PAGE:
DS: I think we definitely did some things well against Temple, but going back and watching the film I feel like we can improve on some things. I think we definitely are doing that this week, too, moving guys around to help, putting Mike at different spots and doing all different types of things. I think we can definitely do some different things, but at the same time I think we did a lot of things well against Temple.

It took longer than I imagine most fans and people outside the program probably wanted or imagined it would, but you guys are starting to click under a new coach right now. What has Paul Chryst done that has helped you guys ease into the flow and made the transition smooth?

DS: Just with any coach I think it's different coming in with a new concept. And going out there and playing it and seeing it during the game is going be hard to adjust. Things are coming along, coach Chryst has put an emphasis on the little things and concepts -- we just keep going over and going over. Concepts that we need to refine, to think, our go-tos. We don't have a bunch of plays but we have a lot of plays that we're getting good at, so I think he's just definitely harping on that.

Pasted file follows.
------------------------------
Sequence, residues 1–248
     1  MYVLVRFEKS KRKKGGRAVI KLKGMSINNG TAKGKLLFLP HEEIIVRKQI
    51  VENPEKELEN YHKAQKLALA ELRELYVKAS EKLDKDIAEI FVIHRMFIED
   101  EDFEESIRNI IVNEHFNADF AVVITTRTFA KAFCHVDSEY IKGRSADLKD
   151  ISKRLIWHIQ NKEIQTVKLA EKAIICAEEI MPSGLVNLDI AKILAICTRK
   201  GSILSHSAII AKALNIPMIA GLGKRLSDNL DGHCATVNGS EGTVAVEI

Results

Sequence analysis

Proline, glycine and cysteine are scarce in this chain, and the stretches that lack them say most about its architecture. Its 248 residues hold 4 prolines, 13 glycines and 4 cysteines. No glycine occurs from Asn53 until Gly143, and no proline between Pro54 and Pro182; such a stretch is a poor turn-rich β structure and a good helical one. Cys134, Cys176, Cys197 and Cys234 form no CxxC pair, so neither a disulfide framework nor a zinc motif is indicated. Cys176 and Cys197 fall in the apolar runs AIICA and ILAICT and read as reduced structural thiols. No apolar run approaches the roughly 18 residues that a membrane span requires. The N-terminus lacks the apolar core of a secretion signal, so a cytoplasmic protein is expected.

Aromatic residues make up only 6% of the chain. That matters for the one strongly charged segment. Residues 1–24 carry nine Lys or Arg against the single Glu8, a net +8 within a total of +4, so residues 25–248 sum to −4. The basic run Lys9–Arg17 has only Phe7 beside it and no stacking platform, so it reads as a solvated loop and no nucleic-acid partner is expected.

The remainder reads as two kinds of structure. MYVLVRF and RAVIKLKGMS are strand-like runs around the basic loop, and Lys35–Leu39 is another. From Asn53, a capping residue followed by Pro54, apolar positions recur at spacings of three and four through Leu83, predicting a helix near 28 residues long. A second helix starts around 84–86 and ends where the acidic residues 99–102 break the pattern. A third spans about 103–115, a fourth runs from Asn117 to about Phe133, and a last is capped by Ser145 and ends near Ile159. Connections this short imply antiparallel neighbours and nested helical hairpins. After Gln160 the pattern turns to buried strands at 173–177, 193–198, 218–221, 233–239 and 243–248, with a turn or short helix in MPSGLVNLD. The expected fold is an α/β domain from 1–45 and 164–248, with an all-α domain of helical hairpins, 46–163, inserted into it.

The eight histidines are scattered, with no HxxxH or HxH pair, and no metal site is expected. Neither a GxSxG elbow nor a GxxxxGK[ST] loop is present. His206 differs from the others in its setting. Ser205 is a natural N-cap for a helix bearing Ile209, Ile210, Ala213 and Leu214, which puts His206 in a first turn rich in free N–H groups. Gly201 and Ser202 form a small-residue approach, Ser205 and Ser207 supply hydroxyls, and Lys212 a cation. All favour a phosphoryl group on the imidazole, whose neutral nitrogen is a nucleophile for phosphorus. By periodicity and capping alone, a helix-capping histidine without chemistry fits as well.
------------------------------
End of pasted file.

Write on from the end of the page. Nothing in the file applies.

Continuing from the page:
Notre Dame's defense is one of the best country. What do you see in the secondary that makes them so effective?

DS: I think they're great athletic-wise. I think they have a great safety in Zeke Motta. He's a pretty good captain back there, doesn't let anything get behind him, can definitely come up and slow the run. I feel like their corners are definitely aggressive and athletic. I know they have a young corner [KeiVarae Russell], and he plays tremendously, like a veteran out there. I think they definitely do some things well. They're just a great group to complement their front three, who's tremendous.